Is man’s protection of nature always a good thing? Can lack of knowledge and scientific objectivity obfuscate reality?
State of Fear, a novel by Michael Crichton, presents a new view of the environmental movement and one that should be explored.
In this novel, Crichton attempts to continue the debate on global warming for those who think all the information is in. The plot isn’t realistic but the research is extensive and intriguing.
One of the issues he deals with in his book is the effect environmentalists have had on Yellowstone National Park. Environmentalists have assumed the mission of preserving and protecting it. Another version offered by Michael Crichton claims the ecosystem was forever changed by the environmentalists and not for the better.
Yellowstone Park, Crichton explained, was the first wilderness on earth to be set aside as a natural preserve. President Ulysses Grant set aside two million acres and created Yellowstone National Park.
No one at the time had any experience preserving wilderness because the need did not exist.
When Theodore Roosevelt visited the park in 1903, he saw thousands of elk, buffalo, black bear, deer, mountain lions, grizzlies, coyotes, wolves, and bighorn sheep. The Park Service was established soon after and their role was to maintain the park in its original condition.
Within a decade, the teeming landscape that Roosevelt saw was gone forever. The park managers were to blame. They were charged with keeping the park in pristine condition and had taken a series of steps that they thought were in the best interest of preserving the park and its animals. The early park managers mistakenly believed that elk were about to become extinct. So they tried to increase the elk herds within the park by eliminating predators. To that end, they shot and poisoned all the wolves in the park. They prohibited Indians from hunting in the park, though Yellowstone was a traditional hunting ground.
Protected, the elk herds exploded, and ate so much of specific trees and grasses that the ecology of the area began to change. The elk ate the trees that the beavers used to make dams, so the beavers vanished. That was when the managers discovered beavers were vital to the overall water management of the region.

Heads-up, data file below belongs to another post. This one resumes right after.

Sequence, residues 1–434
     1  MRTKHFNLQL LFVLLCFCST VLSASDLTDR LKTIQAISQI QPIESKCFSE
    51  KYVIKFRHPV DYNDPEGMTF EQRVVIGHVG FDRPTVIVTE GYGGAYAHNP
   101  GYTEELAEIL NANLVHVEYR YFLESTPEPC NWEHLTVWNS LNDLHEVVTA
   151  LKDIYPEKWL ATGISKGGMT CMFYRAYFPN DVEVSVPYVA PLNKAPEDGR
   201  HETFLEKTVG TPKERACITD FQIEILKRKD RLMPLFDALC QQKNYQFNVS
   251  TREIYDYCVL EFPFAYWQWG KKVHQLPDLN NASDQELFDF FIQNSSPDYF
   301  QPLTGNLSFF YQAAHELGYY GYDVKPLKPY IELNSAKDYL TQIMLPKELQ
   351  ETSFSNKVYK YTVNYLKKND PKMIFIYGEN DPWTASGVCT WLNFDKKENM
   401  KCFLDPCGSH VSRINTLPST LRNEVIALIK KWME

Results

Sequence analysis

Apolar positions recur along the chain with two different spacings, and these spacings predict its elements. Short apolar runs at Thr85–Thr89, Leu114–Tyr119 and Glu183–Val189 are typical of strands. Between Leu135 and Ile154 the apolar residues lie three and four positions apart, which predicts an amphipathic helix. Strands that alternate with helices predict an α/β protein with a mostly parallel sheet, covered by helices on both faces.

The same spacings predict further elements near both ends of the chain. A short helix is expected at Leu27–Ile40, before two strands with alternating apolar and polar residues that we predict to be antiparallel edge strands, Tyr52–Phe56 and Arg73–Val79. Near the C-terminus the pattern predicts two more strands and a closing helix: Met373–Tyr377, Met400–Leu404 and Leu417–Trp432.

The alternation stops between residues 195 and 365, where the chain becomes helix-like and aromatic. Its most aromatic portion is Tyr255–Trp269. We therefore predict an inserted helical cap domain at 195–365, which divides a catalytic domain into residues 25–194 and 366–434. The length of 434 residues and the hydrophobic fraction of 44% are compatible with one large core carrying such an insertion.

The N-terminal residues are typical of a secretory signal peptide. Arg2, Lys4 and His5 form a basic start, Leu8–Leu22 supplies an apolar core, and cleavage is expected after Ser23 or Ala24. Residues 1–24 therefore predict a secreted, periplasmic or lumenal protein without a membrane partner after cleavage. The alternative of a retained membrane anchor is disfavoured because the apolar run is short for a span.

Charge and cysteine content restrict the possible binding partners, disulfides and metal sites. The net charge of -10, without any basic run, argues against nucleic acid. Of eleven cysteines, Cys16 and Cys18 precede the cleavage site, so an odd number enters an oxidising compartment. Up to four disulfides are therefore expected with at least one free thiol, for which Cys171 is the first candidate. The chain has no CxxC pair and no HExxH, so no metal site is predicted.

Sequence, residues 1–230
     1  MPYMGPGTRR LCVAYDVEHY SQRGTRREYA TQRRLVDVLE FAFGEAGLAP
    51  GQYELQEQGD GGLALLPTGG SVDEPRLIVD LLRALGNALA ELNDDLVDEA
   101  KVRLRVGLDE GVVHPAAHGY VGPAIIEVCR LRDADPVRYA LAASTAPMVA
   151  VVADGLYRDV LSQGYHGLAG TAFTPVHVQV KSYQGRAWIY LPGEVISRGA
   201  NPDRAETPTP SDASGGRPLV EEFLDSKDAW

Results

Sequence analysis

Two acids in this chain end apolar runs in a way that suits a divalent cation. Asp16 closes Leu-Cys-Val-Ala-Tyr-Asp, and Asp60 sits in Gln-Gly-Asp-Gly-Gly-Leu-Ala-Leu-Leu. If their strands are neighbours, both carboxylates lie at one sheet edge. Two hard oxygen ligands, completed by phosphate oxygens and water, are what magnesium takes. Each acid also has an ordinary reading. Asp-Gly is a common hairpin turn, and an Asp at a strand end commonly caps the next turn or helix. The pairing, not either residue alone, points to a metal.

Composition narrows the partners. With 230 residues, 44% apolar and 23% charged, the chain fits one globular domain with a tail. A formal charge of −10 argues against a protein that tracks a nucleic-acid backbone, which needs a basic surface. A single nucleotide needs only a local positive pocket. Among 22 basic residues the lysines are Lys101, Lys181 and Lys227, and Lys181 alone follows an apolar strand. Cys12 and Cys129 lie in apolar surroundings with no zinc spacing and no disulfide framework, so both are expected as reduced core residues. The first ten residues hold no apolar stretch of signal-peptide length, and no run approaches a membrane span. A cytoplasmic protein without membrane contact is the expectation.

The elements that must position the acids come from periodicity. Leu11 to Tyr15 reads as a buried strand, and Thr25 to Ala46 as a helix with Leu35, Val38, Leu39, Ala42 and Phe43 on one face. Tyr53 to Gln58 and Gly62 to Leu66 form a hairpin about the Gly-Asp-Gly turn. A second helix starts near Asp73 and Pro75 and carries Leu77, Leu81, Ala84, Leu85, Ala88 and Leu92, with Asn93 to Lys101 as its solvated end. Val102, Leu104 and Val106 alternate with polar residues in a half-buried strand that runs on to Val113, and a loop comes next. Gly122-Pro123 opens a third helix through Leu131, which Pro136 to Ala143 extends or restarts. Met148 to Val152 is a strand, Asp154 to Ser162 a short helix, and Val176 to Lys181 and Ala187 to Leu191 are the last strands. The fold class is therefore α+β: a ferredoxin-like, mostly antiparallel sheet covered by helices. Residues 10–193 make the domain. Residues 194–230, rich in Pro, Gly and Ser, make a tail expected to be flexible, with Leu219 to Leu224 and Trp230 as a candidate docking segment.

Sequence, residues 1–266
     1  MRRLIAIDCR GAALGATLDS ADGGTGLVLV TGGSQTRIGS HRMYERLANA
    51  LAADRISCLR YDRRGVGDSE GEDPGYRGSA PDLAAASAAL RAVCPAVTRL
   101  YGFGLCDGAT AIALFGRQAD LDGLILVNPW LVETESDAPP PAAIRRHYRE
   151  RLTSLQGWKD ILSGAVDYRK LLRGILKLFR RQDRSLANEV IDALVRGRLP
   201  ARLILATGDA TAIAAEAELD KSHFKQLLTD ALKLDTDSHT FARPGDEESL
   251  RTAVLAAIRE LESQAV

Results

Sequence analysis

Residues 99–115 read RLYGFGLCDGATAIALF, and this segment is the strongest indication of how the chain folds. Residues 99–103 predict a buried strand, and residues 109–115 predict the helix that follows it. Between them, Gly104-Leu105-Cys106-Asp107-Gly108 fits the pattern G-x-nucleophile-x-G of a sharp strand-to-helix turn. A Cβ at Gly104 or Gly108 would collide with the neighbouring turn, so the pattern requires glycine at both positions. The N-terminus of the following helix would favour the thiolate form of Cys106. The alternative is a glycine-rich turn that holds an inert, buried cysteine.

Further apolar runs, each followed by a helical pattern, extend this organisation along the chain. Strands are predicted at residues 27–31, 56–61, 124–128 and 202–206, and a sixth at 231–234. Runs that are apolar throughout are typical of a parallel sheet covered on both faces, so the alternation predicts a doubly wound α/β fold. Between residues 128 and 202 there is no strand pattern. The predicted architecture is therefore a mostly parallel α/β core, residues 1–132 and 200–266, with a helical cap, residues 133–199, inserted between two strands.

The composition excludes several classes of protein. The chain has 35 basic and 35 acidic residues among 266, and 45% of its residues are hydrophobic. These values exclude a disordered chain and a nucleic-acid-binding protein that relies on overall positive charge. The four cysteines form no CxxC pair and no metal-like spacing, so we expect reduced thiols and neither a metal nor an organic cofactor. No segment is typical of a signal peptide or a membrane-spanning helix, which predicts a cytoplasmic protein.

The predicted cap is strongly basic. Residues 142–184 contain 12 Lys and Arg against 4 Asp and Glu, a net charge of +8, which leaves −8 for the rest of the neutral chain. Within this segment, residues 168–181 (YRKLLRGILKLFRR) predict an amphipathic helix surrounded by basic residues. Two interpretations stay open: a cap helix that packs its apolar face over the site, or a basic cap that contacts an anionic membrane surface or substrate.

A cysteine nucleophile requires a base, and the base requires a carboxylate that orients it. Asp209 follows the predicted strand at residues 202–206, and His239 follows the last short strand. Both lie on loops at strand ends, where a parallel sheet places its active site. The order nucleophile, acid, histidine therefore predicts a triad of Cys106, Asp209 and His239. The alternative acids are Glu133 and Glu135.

When the beavers disappeared, the meadows dried up; the trout and otter vanished; soil erosion increased; and the park ecology changed even further.
By the 1920s it had become abundantly clear there were too many elk, so the rangers began to shoot them by the thousands. But the change in plant ecology seemed to be permanent; the old mix of trees and grasses did not return.
It also became increasingly clear that the Indian hunters of old had exerted a valuable ecological influence on the park lands by keeping down the numbers of elk, moose, and bison. This belated recognition came as part of a more general understanding that native Americans had strongly shaped the “untouched wilderness.” The “untouched wilderness” was nothing of the sort. Human beings on the North American continent had exerted a huge influence on the environment for thousands of years—burning plains grasses, modifying forests, thinning specific animal populations, and hunting others to extinction. Grizzlies were protected, then killed off. Wolves were killed off, then brought back. Animal research involving field study and radio collars was halted, then resumed after certain species were declared endangered. A policy of fire prevention was instituted, with no understanding of the regenerative effects of fire. When the policy was finally reversed, thousands of acres burned so hotly that the ground was sterilized, and the forests did not grow back without reseeding. Rainbow trout were introduced in the 1970s, soon killing off the native cutthroat species.
The ecology of Yellowstone has forever been changed by the environmentalists who, with the best of intentions, tout their success as they try to recover from their mistakes. Info from techenclave.com
Read possible evidence here: Was Crichton Right?